The leadership at Columbia University in New York has set a deadline for anti-Israel protesters and administrators to reach an agreement to end the days-long encampment on campus.

On Tuesday night, university President Minouche Shafik set a deadline of midnight for an agreement with organizers of the encampment, which she says must include the dismantling of the encampment and dispersing of the protesters. The student protesters are also required to follow university policies moving forward.

If by the deadline, an agreement has not been made, Shafik said that administrators would “consider alternative options for clearing the West Lawn and restoring calm to campus so that students can complete the term and graduate.”

“I also want to be clear that we will not tolerate intimidating, harassing, or discriminatory behavior. We are working to identify protesters who violated our policies against discrimination and harassment, and they will be put through appropriate disciplinary processes,” Shafik wrote.

“The right to protest is essential and protected at Columbia, but harassment and discrimination is antithetical to our values and an affront to our commitment to be a community of mutual respect and kindness,” Shafik added.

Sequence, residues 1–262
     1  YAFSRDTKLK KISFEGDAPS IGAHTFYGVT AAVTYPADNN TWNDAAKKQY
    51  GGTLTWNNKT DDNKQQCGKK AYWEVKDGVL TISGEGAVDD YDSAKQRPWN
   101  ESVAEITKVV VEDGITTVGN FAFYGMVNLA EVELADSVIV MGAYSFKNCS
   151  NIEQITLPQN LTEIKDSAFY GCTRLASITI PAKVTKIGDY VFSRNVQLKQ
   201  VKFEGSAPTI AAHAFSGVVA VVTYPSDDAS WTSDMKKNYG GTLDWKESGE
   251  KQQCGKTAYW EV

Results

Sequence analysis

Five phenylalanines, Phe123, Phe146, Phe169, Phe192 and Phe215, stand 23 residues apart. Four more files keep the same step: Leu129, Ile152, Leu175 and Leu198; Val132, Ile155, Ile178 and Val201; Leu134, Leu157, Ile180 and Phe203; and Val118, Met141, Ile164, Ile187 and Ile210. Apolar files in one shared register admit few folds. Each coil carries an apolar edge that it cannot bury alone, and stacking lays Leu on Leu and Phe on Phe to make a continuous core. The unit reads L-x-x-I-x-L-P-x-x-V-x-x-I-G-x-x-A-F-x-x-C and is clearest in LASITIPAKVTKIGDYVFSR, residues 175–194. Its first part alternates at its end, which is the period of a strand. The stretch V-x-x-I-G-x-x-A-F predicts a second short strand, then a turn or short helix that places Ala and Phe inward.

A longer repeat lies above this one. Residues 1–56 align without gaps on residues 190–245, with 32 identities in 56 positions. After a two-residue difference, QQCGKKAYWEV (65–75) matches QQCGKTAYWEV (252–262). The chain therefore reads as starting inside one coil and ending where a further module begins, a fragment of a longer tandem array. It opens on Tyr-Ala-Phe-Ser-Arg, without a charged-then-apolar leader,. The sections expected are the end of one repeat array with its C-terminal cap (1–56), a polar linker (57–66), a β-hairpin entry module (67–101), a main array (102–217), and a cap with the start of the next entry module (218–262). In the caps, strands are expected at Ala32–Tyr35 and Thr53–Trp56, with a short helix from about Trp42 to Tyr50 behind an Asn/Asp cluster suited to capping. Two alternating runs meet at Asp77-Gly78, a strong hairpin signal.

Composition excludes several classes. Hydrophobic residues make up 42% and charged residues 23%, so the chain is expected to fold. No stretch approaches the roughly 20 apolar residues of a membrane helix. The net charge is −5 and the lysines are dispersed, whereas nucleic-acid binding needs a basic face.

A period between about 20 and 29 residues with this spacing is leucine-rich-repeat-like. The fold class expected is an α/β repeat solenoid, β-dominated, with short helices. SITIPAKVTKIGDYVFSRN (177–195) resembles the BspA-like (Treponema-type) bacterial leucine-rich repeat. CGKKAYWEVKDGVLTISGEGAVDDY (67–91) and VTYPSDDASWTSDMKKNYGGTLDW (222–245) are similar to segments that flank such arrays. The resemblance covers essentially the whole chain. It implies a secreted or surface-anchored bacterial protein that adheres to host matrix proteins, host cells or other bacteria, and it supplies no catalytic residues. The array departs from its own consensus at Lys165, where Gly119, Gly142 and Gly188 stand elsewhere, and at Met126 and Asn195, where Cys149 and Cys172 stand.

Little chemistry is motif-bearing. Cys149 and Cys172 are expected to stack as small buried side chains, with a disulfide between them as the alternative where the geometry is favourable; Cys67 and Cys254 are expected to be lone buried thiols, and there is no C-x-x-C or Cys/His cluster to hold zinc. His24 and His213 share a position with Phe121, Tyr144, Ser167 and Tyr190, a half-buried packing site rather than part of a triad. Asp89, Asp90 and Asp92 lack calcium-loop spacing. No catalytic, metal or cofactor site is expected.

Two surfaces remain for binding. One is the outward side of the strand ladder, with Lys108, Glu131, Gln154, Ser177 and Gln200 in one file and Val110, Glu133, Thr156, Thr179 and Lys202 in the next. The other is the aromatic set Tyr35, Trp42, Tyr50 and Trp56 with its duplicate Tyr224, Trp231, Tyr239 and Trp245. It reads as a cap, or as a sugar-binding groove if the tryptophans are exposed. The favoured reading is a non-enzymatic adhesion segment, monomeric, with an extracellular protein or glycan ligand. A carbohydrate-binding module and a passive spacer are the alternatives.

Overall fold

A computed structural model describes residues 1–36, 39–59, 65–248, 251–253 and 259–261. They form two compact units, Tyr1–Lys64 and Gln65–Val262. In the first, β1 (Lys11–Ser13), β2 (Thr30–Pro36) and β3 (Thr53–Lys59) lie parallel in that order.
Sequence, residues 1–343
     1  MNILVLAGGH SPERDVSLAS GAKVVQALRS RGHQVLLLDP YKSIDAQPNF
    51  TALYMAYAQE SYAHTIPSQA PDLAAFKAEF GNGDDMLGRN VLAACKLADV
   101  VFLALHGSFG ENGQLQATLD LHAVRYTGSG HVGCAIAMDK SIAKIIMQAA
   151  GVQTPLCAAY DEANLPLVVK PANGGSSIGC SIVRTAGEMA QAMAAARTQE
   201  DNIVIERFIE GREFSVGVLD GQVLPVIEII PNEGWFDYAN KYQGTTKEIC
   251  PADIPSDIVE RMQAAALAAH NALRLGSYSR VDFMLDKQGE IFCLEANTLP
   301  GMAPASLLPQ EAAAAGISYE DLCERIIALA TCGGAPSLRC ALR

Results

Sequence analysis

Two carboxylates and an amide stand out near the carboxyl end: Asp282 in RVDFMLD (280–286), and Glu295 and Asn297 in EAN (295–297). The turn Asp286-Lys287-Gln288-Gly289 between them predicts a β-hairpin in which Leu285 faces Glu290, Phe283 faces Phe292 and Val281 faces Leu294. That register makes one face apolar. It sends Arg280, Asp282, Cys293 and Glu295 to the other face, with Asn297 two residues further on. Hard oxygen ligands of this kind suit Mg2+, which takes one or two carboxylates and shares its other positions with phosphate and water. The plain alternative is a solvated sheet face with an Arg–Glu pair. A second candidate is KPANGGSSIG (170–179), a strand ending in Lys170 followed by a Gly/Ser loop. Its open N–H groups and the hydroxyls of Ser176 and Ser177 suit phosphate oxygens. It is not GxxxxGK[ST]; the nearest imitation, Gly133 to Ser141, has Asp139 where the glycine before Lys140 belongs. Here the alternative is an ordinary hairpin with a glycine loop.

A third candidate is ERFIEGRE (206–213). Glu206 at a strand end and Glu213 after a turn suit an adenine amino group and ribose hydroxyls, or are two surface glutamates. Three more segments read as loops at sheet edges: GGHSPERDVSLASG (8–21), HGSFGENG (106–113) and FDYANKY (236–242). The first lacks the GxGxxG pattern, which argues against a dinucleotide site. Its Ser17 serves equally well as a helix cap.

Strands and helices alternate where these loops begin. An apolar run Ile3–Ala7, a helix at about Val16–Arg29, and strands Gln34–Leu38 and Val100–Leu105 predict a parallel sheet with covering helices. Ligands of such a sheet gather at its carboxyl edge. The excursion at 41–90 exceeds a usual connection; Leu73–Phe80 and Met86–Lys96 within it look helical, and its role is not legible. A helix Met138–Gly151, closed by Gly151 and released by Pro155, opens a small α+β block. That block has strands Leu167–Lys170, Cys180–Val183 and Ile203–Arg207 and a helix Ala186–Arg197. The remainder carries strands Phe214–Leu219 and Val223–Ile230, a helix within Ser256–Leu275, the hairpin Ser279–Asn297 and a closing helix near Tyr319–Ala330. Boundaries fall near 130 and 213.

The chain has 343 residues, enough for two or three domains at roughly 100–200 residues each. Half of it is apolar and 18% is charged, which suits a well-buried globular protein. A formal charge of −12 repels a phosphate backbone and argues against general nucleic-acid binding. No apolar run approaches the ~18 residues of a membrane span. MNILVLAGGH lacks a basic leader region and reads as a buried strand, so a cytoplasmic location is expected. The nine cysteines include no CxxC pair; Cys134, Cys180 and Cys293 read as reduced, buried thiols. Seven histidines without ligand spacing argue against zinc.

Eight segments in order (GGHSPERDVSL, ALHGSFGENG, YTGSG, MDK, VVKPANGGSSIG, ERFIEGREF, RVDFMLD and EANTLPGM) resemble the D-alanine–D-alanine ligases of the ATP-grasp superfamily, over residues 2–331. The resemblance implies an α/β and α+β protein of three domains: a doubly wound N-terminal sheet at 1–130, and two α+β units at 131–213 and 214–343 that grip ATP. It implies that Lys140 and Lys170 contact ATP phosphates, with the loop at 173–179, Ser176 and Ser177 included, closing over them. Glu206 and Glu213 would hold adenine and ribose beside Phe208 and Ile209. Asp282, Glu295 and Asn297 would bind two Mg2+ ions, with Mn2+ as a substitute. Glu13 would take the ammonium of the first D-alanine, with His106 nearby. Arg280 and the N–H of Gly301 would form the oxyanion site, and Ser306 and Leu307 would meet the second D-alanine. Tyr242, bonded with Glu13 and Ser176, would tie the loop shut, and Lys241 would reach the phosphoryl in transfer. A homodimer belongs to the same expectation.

Administrators later extended the deadline to 8 a.m., according to a student demonstrator.

A campus spokesperson would later release a statement around 3:15 a.m., saying that there was a 48-hour window for the negotiations. The spokesperson also revealed that the school administrators were hashing out four main agreements, which include students removing a significant number of the tents on the campus and that only Columbia students are left protesting.

Under the terms, student protesters would also be required to comply with FDNY safety implications and take steps to “make the encampment welcome to all and have prohibited discriminatory or harassing language.”

Protesters have said that they would not carry on with negotiations with the administration without a written promise that the New York City Police Department or the National Guard will not be used on the demonstrators.

While there have been calls for President Joe Biden to call in the National Guard to respond to the protests, New York Gov. Kathy Hochul has said she has no plans to do that.

The campus, however, did have the NYPD’s riot police and counterterrorism unit standing by, per radio station WKCR. The police officers reportedly told the protesters in the camp that they could be arrested if they did not keep down their amplified noise makers or stop beating against barricades.

Last Thursday, the Ivy League school authorized police to sweep the encampment, leading to the arrest of over 100 protesters, including Rep. Ilhan Omar’s daughter, Isra Hirsi.